What I wish I knew about Multiple Myeloma treatments 25 years later...

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Increase MRD- Status w/ Upfront Treatment in Multiple Myeloma Patients –

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Patients with multiple myeloma (MM) who achieve minimal residual disease (MRD) negativity after upfront treatment have superior outcomes compared with those who remain MRD+

The key phrase in the subhead excerpted above is upfront treatment. According to the study linked below, upfront treatment is not an autologous stem cell transplant (ASCT). Upfront treatment is not maintanence therapy. The term upfront treatment for newly diagnosed multiple myeloma patients is induction therapy or the initial therapy for newly diagnosed MM patients.

According to the first study linked below, newly diagnosed MM patients who achieve MRD – status after induction therapy have longer remissions as well as longer overall survival aka length of life.

The question then, is how to achieve MRD- status in upfront therapy? While no one can guarantee that any newly diagnosed MM patient can achieve MRD- status, I can cite evidence-based MM therapies that show increases in chemo efficacy.

The second and third studies linked below cite probiotics and prehabilitation as non-conventional therapies that can increase a MM patient’s chance of reaching MRD- status after “upfront therapy.”

Are you a newly diagnosed multiple myeloma patient? To learn more about evidence-based, non-toxic therapies to manage your MM, scroll down the page, post a question or comment and I will reply to you ASAP.

Hang in there,

David Emerson

  • MM Survivor
  • MM Cancer Coach
  • Director PeopleBeatingCancer

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Minimal residual disease predicts superior survival in patients with multiple myeloma: a meta-analysis

“Importance- Numerous studies have evaluated the prognostic value of minimal residual disease (MRD) in multiple myeloma (MM). Most studies were small and varied in terms of patient population, treatment, and MRD assessment methods.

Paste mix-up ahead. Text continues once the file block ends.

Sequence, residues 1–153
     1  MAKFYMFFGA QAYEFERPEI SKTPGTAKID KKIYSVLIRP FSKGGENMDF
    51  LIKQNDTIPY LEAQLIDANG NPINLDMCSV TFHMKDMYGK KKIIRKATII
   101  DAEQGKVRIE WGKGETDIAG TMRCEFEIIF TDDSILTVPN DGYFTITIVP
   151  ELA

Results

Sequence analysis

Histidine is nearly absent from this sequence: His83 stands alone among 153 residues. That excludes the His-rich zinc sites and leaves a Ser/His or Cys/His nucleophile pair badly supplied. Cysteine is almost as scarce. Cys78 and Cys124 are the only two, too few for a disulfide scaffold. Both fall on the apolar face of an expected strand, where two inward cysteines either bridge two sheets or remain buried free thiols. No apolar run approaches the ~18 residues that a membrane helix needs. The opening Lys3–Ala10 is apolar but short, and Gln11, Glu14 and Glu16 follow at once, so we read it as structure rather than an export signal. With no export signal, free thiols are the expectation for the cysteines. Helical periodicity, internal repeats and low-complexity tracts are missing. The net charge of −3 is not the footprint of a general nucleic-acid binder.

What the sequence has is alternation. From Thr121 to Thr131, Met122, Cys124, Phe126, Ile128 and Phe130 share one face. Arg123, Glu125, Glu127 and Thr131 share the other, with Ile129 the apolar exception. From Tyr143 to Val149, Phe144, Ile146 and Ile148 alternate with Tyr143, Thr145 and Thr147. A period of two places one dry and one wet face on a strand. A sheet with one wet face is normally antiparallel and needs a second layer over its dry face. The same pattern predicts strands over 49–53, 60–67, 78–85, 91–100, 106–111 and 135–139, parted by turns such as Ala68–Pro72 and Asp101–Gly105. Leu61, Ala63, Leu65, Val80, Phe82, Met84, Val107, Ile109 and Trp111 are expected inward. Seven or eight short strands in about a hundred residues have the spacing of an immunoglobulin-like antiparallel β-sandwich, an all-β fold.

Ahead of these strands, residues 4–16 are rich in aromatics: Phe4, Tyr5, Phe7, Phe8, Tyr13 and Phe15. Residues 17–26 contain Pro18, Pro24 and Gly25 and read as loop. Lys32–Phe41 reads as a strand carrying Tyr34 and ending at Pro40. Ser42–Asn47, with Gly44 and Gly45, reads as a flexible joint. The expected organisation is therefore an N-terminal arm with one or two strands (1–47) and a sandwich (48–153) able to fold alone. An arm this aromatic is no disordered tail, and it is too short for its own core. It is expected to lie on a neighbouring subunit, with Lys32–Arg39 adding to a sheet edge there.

Data Sources-A Medline search was conducted for articles published in English between January 1990 and January 2016.

Study Selection-Eligible studies reported MRD status and progression-free survival (PFS) or overall survival (OS) in ≥ 20 patients following treatment. Among 405 articles identified, 21 met the initial eligibility criteria and were included in the analysis…

Results-Fourteen studies (n = 1,273) provided data on the impact of MRD on PFS, and 12 studies (n = 1,100) on OS. Results were reported specifically in patients who had achieved conventional complete response (CR) in 5 studies for PFS (n = 574) and 6 studies for OS (n = 616).

MRD-negative status was associated with significantly better PFS overall and in studies specifically looking at CR patients. OS was also favorable in MRD-negative patients overall and in CR patients  Tests of heterogeneity found no significant differences among the studies for PFS and OS.

Conclusions and Relevance- MRD-negative status after treatment for newly diagnosed MM is associated with long-term survival. These findings provide quantitative evidence to support the integration of MRD assessment as an endpoint in clinical trials of MM.”

Minimal residual disease negativity in multiple myeloma is associated with intestinal microbiota composition

“Abstract- Patients with multiple myeloma (MM) who achieve minimal residual disease (MRD) negativity after upfront treatment have superior outcomes compared with those who remain MRD+. Recently, associations have been shown between specific commensal microbes and development of plasma cell disorders. Here, we report the association between intestinal microbiota composition and treatment outcome in MM…

Cancer prehabilitation: One step toward improved outcomes

“Many of the early studies on cancer prehabilitation typically focused exclusively on building strength and stamina through an appropriate exercise regimen; however, more recent research has supported a multimodal approach that encompasses more than one intervention (ie, a combination of exercise, nutrition, and psychological strategies) to better prepare patients for the challenges associated with upcoming cancer treatments.2..”

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